Study: Hands of humans less evolved than those of chimps
Humans like to imagine they're more evolved than their closest ancestral relatives chimpanzees, but a recent study suggests that may not be true.
Researchers have found our hands are rather primitive by comparison.
Their finding hinges on the realization that over time human hands really haven't changed much at all.
It's long been posited that as both species diverged from a common ancestor, humans' palms, fingers, and thumbs adapted in a way that made working with tools possible.
In recent decades, however, fossils have been found revealing the existence of hands capable of controlling tools predates the development of the implements themselves.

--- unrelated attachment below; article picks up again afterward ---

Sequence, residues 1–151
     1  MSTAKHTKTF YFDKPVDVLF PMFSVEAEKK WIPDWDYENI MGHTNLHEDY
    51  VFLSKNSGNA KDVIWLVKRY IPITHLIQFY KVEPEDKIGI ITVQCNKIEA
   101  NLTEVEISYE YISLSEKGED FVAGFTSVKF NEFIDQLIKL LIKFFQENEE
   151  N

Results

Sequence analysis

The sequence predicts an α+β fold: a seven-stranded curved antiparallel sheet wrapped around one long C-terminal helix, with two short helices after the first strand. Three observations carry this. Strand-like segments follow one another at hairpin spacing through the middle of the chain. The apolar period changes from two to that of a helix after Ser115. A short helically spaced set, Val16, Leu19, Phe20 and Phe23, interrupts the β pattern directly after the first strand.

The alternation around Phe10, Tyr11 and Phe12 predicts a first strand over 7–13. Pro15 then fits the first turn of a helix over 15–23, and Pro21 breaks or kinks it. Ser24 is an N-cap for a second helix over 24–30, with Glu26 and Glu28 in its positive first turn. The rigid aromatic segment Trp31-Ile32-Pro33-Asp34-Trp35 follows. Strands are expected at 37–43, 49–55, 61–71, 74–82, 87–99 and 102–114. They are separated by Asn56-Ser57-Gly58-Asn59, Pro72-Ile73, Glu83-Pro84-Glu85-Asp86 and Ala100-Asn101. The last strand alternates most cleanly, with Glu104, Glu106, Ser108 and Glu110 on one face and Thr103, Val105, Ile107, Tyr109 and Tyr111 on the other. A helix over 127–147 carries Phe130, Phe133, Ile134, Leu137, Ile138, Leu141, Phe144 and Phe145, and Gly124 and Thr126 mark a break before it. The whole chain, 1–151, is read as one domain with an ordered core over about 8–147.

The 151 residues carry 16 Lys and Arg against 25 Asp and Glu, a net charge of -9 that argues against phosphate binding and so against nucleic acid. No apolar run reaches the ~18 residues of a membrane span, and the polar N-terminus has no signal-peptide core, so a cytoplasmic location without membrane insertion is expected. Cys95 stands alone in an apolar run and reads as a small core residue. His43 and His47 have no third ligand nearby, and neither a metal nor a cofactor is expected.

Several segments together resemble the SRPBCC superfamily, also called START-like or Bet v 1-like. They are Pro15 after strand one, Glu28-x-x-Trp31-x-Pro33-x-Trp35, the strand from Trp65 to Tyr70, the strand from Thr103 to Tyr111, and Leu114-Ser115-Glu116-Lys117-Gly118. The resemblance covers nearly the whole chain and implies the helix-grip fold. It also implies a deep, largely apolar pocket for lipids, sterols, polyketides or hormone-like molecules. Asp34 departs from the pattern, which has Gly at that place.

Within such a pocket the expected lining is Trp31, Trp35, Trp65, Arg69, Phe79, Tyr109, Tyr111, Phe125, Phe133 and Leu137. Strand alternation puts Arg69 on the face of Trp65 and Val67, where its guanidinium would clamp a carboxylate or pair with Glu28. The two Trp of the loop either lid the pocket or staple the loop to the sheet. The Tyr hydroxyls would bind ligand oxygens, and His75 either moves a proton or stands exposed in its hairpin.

To resolve the conflict, the scientists took hand measurements from modern day humans and apes, as well as each group's ancestors.
A model of hand evolution over the millennia was constructed with the data.
It revealed that chimps showed much more extensive adaptations over time.
The researchers' results aren't without negative opinions.
One critic deemed the study questionable, as it relied entirely on a single data point and thus presents a very limited view.